Amid Alarming Tourism Trend, Denmark Officially Bans Sex With Animals
Image via Thinkstock.
Bestiality is wrong, immoral and not something you can do in Denmark.
While that last part might seem oddly specific it makes sense when you consider the country finally got around to, you know, outlawing sex with animals.
The New York Times, having nothing better to do, reports Denmark has seen fit to keep the humans from taking advantage of impressionable animals, because it seems the ongoing zoophilic tourism was getting a bit dodgy.
The report states: “Denmark passed legislation Tuesday banning bestiality, toughening a law that animal rights activists feared was encouraging animal-sex tourism.”
And really, it’s best to clear things up with a law if you have even a hunch that the current legislation leaves too generous a gray area.
When it comes to the legislative books on sex with animals, it’s always best to make things as obvious as possible. We imagine the new law states, “Hey, stop having sex with any animal, item or entity that isn’t human. Also, make sure you ask said human before intercourse. And we are pretty raw about having to actually put this in writing. Ibid.”
Now there is nothing humorous about zoophilia, so consider the following video a completely unrelated intermission for a serious issue.
Now it’s important to note that there was previous legislation in place that banned making whoopee with any four-legged friends. However, there seemed to be a need to amend the law because some tourists found them a bit murky.
The Times states, “The bill amends a previous ban on intercourse that harms animals. Farm Minister Dan Jorgensen argued that the previous ban was inadequate, saying in an opinion article, ‘It’s hard to prove that an animal suffers when a human has sexual intercourse with it, and that is why we must give the animal the benefit of the doubt.’”
We tend to agree. While animals’ lack the fundamental vocal talent to enact a ‘No means no!’ declaration, we have to imagine they might be just the tiniest bit peeved about being treated like objects.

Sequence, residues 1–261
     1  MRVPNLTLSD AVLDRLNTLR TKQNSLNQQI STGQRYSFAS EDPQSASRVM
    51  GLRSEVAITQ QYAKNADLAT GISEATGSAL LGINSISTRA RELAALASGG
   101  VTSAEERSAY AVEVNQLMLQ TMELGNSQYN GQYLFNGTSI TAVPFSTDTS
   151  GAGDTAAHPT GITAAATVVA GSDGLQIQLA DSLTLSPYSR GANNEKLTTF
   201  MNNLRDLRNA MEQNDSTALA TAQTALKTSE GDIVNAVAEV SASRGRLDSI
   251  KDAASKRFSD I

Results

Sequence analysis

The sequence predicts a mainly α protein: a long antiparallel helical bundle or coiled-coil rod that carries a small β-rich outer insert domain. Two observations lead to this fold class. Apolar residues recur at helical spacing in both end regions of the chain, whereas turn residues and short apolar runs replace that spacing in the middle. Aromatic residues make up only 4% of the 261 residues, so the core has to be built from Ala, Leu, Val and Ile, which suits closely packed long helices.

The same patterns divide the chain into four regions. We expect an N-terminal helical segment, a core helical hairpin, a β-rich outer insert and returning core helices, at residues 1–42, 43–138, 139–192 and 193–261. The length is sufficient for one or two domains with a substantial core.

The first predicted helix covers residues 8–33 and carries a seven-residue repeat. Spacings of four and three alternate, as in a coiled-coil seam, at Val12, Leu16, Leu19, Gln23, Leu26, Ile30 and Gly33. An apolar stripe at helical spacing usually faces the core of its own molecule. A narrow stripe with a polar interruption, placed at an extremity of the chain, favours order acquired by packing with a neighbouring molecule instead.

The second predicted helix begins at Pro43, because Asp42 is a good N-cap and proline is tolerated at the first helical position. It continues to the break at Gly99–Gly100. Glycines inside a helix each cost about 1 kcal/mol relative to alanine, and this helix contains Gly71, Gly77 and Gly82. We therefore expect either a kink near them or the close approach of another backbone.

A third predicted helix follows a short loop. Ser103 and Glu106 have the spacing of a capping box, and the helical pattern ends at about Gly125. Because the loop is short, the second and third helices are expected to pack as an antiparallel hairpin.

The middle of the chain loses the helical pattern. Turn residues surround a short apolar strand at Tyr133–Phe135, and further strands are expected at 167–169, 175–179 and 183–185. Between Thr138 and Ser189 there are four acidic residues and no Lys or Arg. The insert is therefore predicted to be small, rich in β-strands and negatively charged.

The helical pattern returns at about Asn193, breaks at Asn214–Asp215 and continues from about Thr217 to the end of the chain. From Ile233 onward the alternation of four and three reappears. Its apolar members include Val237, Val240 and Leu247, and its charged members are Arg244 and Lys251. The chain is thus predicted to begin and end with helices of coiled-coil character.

We take pelt, milk and meat, so perhaps we leave a bit of the animals’ dignity.
Now we congratulate you for reading this far in what has to be the most peculiar report we have seen recently. Now we must continue, because this is where we find the impetus behind the newly amended law.
The Times, which as an entity must be thinking about a drink at this point, continues: “Those voting for the bill said Denmark did not want to remain the last northern European country where bestiality was legal, as this was attracting animal-sex tourists. Germany, Norway, Sweden and Britain previously banned bestiality.”
It’s always fashionable to be late to a party—unless the party is a bunch of countries jointly banning something completely abhorrent.
We would like to end this report here, because there is absolutely no way we want you to know that, according to the Times, a 2011 report states 17 percent of veterinarians suspected, um, egregious relations with animals they treated.
Well, shoot. You can’t unknow that, so perhaps we leave you with this NPR report that features giddy cows in Denmark leaping with joy thanks to the advent of spring.
More by Gabe Zaldivar
Get Travel Deals and Travel News
Recent Travel Opinions
Features & Advice
Airlines & Airports
Destination & Tourism